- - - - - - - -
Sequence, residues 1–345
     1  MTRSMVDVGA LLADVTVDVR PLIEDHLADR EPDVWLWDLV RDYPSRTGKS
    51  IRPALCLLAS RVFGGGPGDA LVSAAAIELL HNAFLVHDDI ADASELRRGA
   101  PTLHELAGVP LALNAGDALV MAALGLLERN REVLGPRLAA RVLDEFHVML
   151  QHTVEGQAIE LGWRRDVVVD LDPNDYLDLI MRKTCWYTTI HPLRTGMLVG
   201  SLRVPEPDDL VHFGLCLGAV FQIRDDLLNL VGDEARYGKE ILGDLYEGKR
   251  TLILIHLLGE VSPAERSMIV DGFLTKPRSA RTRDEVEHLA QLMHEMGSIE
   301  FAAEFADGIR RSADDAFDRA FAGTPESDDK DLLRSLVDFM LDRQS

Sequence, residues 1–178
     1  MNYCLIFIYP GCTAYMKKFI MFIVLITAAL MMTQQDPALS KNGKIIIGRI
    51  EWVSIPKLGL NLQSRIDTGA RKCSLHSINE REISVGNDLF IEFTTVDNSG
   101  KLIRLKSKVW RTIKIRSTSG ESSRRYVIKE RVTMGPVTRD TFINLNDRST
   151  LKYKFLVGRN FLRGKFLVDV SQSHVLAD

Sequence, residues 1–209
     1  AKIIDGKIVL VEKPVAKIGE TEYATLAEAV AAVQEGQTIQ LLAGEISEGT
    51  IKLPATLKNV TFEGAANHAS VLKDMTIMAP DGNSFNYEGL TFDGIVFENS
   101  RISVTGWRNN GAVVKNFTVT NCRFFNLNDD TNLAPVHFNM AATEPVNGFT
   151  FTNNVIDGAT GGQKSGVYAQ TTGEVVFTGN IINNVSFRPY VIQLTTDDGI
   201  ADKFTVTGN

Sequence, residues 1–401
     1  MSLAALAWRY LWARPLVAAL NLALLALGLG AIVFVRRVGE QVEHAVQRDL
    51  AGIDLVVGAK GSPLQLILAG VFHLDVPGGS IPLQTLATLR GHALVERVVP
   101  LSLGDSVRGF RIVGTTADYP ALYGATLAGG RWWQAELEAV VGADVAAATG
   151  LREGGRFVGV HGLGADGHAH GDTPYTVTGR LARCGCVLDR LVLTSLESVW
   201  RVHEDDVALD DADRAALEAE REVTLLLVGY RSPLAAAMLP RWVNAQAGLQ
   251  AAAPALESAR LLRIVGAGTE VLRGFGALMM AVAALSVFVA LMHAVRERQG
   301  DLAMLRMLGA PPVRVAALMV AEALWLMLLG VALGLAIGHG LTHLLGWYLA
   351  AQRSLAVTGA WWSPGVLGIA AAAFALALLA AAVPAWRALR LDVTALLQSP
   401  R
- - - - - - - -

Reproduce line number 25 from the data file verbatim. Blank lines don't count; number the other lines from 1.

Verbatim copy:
   201  RVHEDDVALD DADRAALEAE REVTLLLVGY RSPLAAAMLP RWVNAQAGLQ